My phone, which is almost five years old, is still up and running properly.

When it comes to punctuating these pronouns with a comma, what you need to look at is whether the clause you are working with is restrictive or nonrestrictive.

We know have some knowledge on relative pronouns, but we still need to go deeper and look into some pronouns that usually bring problems in terms of confusion.

Subject and Object Pronouns (Who vs. Whom)

In this case, we need to distinguish between a subject and object pronoun and understand how to use them. Our subject pronoun, in this case, is ‘who’ while the object pronoun is ‘whom’. For the subject pronoun, we have the following, I, he, she, we and they and in the case of object we have me, him, her, us and them.

In a sentence, if the pronoun stands as the object of a preposition or a verb, then automatically it takes the object form. This usually doesn’t pose a lot of challenges to people since in most cases, they are located just after the preposition or verb that modifies them.

Let’s look at examples.

  1. Please send it to I
  2. Please send it to me
  3. John saw they throwing stones
  4. John saw them throwing stones
  5. Is this food for we?
  6. Is this food for us?

Here you can clearly identify the differences and how the various pronouns fit into their roles.

Now getting to ‘whom’, this is where many people have challenges since in most cases it appears before the preposition or verb that modifies it.

For example

  • Whom should I call for you?
  • Whom did you talk to yesterday?
  • A boy, whom I have never interacted with, knows so much about me.

Two easiest way to determine whether you need to use ‘who’ or ‘whom’ is to make a replace it with a personal pronoun. Look out for the place that the personal pronoun would fit in and determine whether it takes the subject or object form.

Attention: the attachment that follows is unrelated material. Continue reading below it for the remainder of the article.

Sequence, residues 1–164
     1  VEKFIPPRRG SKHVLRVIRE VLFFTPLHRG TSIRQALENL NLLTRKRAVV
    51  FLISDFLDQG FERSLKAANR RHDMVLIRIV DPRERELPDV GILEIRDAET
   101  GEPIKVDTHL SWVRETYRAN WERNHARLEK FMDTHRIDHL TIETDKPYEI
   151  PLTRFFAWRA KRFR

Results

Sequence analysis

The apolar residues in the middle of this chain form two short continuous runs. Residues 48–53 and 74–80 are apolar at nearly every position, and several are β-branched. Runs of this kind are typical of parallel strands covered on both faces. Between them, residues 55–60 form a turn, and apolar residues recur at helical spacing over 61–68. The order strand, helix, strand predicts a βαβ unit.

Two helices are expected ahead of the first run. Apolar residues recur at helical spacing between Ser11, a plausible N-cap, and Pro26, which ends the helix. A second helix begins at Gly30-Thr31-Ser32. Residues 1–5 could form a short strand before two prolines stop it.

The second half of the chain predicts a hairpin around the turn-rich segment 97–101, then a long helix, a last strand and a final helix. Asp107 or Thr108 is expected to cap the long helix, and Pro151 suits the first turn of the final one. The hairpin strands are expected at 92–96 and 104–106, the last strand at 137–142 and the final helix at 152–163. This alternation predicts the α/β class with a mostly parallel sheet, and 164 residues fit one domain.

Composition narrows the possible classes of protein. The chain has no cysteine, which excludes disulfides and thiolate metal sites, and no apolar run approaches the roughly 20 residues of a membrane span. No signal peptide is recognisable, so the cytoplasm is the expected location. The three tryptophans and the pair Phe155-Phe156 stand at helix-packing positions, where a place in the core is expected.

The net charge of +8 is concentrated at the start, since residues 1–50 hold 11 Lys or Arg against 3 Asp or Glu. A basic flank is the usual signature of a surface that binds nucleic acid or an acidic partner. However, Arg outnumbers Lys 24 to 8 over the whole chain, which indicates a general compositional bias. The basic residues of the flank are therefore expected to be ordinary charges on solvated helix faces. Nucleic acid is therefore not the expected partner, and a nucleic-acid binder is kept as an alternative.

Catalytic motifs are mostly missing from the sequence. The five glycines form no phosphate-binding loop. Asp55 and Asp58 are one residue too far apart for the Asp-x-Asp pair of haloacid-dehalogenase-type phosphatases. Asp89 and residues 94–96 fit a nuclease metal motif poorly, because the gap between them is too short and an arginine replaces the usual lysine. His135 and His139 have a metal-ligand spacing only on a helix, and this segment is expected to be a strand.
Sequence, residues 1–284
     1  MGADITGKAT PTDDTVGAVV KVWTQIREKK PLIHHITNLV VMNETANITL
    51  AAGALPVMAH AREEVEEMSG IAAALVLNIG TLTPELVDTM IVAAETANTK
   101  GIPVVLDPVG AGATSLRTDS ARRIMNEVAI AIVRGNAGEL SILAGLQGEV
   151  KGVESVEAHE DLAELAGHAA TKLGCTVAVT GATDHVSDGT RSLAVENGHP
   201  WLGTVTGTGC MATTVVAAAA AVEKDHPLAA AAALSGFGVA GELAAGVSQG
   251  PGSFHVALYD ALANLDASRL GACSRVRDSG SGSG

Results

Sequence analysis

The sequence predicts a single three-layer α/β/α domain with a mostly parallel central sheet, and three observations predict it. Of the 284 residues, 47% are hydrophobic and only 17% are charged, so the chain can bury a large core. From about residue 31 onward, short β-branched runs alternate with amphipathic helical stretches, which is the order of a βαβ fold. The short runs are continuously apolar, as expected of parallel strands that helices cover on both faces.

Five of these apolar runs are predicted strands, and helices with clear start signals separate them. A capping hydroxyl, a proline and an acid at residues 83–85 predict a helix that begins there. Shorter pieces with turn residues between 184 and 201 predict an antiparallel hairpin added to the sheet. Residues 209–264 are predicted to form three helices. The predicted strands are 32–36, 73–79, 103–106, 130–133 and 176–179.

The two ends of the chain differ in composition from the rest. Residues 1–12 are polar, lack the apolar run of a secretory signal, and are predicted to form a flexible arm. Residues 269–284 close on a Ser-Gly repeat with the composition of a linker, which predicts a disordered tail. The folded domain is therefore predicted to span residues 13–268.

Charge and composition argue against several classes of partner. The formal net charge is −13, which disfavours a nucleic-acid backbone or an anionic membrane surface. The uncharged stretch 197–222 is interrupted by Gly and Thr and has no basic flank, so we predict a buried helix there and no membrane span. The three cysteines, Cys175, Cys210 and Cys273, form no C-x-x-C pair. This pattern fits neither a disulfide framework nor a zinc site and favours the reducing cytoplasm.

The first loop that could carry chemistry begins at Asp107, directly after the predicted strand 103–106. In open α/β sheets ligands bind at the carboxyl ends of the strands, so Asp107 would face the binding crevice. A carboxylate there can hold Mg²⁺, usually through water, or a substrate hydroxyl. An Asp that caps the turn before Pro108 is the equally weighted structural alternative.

For example:

Who/who did you talk to yesterday? Did you talk to he/him yesterday?

A boy, whom I have never interacted with, knows so much about me. Does he/him know?

Whom should I call for you? Should I call he/him for you?

In this test, in case the sentence agrees with the subjective pronoun (he/she) the who should be used.

If it agrees with the object pronoun (him/her) then ‘whom’ is used.

Another confusing case will be explained shortly. Look closely at the following sentences and see whether you can identify the mistake:

It is not important to him or I.

Peter is meeting Mary and I tomorrow

There should be no more secrets between you and I

All the ‘I’ pronouns should be replaced with ‘me’

Demonstrative Pronouns

Demonstrative pronouns include, this, that, these and those. They stand in the place of nouns or a noun phrase which has already been stated.

‘This’ stands for singular things that are closer

‘These’ is the plural of this and serves the same purpose only that it involves multiple items

It should be noted that the distance we are talking about can be either physical or otherwise metaphorical.

For example

  • This is the girl I was telling you about.
  • What a good thought! This is the best idea I have heard so far.
  • What do you think about these apples, are they good?

On the other hand, ‘that’ deals with singular items that are not close while those is the plural form of that and used for items that are also far away.

The same as in the first instance, the distances can also be either physical or metaphorical.

  • Why don’t you buy these oranges?
  • This mango looks like it has rotten
  • Those mangoes look sweet, why don’t you give me some?
  • That mango looks like it has rotten.

Indefinite Pronouns

These are pronouns used to refer to something that is not specific or a person that does not want to be specifically identified. The common examples of indefinite pronouns are: one, other, none, some, anybody, everybody, and no one.